At the NFL owners’ meetings later this month, the league’s competition committee is expected to endorse a rule banning the use of “n—-” on the field of play, penalizing teams whose players employ it with a 15-yard penalty and ejecting players who use it twice in a single game. If the competition committee signs off on the rule, it will be put to a vote, whereupon the overwhelmingly white owners of the NFL — the only exceptions being the Jaguars’ Shahid Khan and the Packers, who are publicly owned — will decide whether to try to regulate a word that doesn’t belong to them.
This news has predictably resulted in a fraught discussion about “n—-” itself and if black players should be discouraged from using the word. Richard Sherman recently called the proposal “atrocious” and “almost racist.” Ryan Clark claimed that it’s going to be near-impossible to enforce the rule because “n—-” is heard so often on the field. Jason McCourty says many black players use the word interchangeably with sentence-enders like “man” and “bro.” D’Qwell Jackson doesn’t use the term, but, like Clark, he knows that getting rid of it is easier said than done.
You’ll notice the four players cited above are African-American. When Outside the Lines covered the issue in late February, Bob Ley talked to black athletes and sportswriters. (And Common because he’s a rapper who doesn’t scare white people.) White voices have no legitimate place in the argument about the word’s usage. Expressing one’s opinion about the way black people talk to each other is not the same as shouting down bigots or even railing against Washington’s football team for using a slur in its name. Black individuals can and do sort out for themselves whether using the word is OK. They handle arguments about it within their own community, with no need for input from outsiders. Sometimes being a good ally to a marginalized group is knowing when to shut up, and if non-black folks want to be helpful in this case, the best we can do is recuse ourselves from the conversation.
Thankfully, most of the words written and spoken recently on the larger topic of “n—-” and its place in black people’s vocabularies have been by African-Americans, and I haven’t encountered any facile misreadings of the NFL’s rule, like this is primarily about protecting black players from white guys using the slur. (I’m pretty sure referees already feel well within their jurisdiction to throw an unsportsmanlike conduct flag if they hear one player racially defaming another.) So the problem, really, is just the rule itself, which is tone deaf and reads like a bunch of white guys being displeased that their mostly black players are using a word they deem more profane than workaday athlete foulmouthery.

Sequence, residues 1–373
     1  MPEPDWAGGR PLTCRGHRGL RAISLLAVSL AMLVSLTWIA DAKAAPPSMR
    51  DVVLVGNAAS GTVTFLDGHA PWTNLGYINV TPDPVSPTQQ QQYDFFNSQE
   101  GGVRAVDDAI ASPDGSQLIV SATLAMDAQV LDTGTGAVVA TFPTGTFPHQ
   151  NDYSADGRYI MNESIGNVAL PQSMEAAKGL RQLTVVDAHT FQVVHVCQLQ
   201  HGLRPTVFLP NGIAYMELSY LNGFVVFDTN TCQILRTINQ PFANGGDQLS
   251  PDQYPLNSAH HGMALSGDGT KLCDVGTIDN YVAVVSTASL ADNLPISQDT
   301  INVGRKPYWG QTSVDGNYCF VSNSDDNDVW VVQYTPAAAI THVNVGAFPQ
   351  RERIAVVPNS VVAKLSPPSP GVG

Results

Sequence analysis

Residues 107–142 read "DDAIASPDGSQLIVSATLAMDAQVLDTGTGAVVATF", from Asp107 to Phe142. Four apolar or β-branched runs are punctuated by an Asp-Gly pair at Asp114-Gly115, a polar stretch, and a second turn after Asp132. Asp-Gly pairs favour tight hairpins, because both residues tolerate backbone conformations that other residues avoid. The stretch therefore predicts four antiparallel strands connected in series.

This isn’t quite the reality. John Wooten of the Fritz Pollard Alliance, which monitors diversity in the NFL, has been pushing the league to take steps to eradicate the word for a while now. The NFL is presumably acting on the recommendation of someone whose job it is to make sure the league has policies that don’t disenfranchise minorities. There is also the fact that while most of the NFL’s owners are white, the nine-man competition committee that has to figure out whether to propose the rule has Marvin Lewis, Ozzie Newsome, Rick Smith and Mike Tomlin on it.
But none of those mitigating factors make the rule correct. The NFL shouldn’t pass it because while the owners have legislative authority, they lack the moral authority to police this sort of issue, not unlike a panel of men in the House of Representatives trying to sort out reproductive rights without consulting women. It’s abhorrent and gross. The NFL is a hubristic organization that asserts dominion over the lives of its athletes in ways that often seem dehumanizing and cruel, but trying to control how black players talk to one another marks a new level of insensitivity and arrogance, one which the majority of its workforce is unlikely to tolerate.